• | 2 Climate Prediction Center, NOAA/NWS/NCEP, College Park, Maryland
  • | 3 Climate Prediction Center, NOAA/NWS/NCEP, College Park, and Innovim, LLC, Greenbelt, Maryland
  • | 4 Climate Prediction Center, NOAA/NWS/NCEP, College Park, Maryland
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Abstract

In this study, precipitation and temperature forecasts during El Niño–Southern Oscillation (ENSO) events are examined in six models in the North American Multimodel Ensemble (NMME), including the CFSv2, CanCM3, CanCM4, the Forecast-Oriented Low Ocean Resolution (FLOR) version of GFDL CM2.5, GEOS-5, and CCSM4 models, by comparing the model-based ENSO composites to the observed. The composite analysis is conducted using the 1982–2010 hindcasts for each of the six models with selected ENSO episodes based on the seasonal oceanic Niño index just prior to the date the forecasts were initiated. Two types of composites are constructed over the North American continent: one based on mean precipitation and temperature anomalies and the other based on their probability of occurrence in a tercile-based system. The composites apply to monthly mean conditions in November, December, January, February, and March as well as to the 5-month aggregates representing the winter conditions. For anomaly composites, the anomaly correlation coefficient and root-mean-square error against the observed composites are used for the evaluation. For probability composites, a new probability anomaly correlation measure and a root-mean probability score are developed for the assessment. All NMME models predict ENSO precipitation patterns well during wintertime; however, some models have large discrepancies between the model temperature composites and the observed. The fidelity is greater for the multimodel ensemble as well as for the 5-month aggregates. February tends to have higher scores than other winter months. For anomaly composites, most models perform slightly better in predicting El Niño patterns than La Niña patterns. For probability composites, all models have superior performance in predicting ENSO precipitation patterns than temperature patterns.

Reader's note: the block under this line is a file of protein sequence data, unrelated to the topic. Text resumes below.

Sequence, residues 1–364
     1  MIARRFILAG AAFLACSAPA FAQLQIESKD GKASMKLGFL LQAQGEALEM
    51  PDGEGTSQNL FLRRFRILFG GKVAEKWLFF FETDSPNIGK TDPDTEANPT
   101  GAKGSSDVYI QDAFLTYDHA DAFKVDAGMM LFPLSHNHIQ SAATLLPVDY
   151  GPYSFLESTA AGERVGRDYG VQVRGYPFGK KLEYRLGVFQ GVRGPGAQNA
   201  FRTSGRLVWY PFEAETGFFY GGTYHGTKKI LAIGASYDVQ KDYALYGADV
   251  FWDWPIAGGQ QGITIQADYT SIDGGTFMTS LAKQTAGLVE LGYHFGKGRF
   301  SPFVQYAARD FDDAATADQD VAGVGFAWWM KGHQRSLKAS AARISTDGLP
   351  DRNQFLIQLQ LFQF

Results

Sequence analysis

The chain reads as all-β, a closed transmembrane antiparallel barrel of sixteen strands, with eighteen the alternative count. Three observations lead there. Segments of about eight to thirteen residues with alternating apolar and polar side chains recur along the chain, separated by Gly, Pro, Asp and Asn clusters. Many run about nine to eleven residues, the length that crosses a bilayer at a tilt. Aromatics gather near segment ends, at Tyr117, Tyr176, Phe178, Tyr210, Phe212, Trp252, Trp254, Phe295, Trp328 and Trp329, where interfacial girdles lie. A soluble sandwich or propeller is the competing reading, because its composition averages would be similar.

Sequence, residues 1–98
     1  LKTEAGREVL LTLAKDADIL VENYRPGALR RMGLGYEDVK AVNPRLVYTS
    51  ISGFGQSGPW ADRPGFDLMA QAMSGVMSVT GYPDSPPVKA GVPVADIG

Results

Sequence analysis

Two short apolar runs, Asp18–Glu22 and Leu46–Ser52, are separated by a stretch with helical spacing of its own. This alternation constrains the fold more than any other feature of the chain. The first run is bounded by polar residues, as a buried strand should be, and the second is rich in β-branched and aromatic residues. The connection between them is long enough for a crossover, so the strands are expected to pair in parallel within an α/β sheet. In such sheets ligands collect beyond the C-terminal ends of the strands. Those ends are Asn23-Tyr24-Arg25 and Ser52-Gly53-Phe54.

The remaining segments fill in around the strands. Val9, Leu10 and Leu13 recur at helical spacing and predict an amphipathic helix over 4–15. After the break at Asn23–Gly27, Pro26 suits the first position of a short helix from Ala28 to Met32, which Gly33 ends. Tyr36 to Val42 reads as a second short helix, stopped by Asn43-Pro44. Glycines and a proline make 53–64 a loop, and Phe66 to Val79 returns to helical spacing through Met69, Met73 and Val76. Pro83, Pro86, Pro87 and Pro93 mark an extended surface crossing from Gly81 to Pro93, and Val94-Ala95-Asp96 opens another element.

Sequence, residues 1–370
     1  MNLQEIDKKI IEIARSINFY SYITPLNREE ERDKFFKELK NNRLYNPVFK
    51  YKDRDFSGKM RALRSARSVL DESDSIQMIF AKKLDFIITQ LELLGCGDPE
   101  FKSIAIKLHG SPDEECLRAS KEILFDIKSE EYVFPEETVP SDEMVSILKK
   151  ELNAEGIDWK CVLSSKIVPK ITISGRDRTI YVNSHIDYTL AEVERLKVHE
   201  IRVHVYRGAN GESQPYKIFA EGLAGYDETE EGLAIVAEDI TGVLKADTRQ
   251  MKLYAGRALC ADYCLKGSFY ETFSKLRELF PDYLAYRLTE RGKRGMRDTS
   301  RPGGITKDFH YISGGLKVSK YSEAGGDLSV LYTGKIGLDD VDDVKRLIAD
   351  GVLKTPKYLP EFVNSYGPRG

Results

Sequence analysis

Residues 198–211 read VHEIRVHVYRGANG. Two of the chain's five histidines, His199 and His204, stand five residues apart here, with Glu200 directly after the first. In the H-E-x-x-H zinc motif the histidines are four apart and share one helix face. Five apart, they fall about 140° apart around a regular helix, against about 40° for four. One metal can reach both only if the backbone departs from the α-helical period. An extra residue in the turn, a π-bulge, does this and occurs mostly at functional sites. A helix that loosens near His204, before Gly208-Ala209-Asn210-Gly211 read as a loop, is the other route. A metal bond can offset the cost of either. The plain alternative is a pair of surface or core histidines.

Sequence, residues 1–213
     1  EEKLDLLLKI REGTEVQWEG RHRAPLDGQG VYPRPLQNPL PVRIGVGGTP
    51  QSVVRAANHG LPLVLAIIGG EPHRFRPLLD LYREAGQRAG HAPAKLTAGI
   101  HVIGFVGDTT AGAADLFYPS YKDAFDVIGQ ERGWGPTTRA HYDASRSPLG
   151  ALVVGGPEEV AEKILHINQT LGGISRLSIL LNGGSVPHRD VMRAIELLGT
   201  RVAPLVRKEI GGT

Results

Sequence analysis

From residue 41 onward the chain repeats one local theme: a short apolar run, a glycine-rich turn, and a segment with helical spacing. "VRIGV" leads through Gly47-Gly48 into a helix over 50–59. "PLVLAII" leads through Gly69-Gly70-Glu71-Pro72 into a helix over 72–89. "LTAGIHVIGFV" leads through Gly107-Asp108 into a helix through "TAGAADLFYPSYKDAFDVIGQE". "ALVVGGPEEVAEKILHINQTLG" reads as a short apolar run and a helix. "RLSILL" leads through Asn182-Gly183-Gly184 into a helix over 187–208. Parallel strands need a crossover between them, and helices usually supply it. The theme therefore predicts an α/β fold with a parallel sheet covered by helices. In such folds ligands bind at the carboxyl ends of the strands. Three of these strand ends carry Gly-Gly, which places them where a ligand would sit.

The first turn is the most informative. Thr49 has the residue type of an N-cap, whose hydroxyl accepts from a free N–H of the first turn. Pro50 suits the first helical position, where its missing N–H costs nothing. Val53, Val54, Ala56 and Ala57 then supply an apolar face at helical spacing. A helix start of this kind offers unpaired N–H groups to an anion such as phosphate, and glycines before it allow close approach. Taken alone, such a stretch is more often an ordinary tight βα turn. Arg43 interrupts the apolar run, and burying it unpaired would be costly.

Corresponding author e-mail: Li-Chuan Chen, lichuan.chen@noaa.gov

Abstract

In this study, precipitation and temperature forecasts during El Niño–Southern Oscillation (ENSO) events are examined in six models in the North American Multimodel Ensemble (NMME), including the CFSv2, CanCM3, CanCM4, the Forecast-Oriented Low Ocean Resolution (FLOR) version of GFDL CM2.5, GEOS-5, and CCSM4 models, by comparing the model-based ENSO composites to the observed. The composite analysis is conducted using the 1982–2010 hindcasts for each of the six models with selected ENSO episodes based on the seasonal oceanic Niño index just prior to the date the forecasts were initiated. Two types of composites are constructed over the North American continent: one based on mean precipitation and temperature anomalies and the other based on their probability of occurrence in a tercile-based system. The composites apply to monthly mean conditions in November, December, January, February, and March as well as to the 5-month aggregates representing the winter conditions. For anomaly composites, the anomaly correlation coefficient and root-mean-square error against the observed composites are used for the evaluation. For probability composites, a new probability anomaly correlation measure and a root-mean probability score are developed for the assessment. All NMME models predict ENSO precipitation patterns well during wintertime; however, some models have large discrepancies between the model temperature composites and the observed. The fidelity is greater for the multimodel ensemble as well as for the 5-month aggregates. February tends to have higher scores than other winter months. For anomaly composites, most models perform slightly better in predicting El Niño patterns than La Niña patterns. For probability composites, all models have superior performance in predicting ENSO precipitation patterns than temperature patterns.

Corresponding author e-mail: Li-Chuan Chen, lichuan.chen@noaa.gov

1. Introduction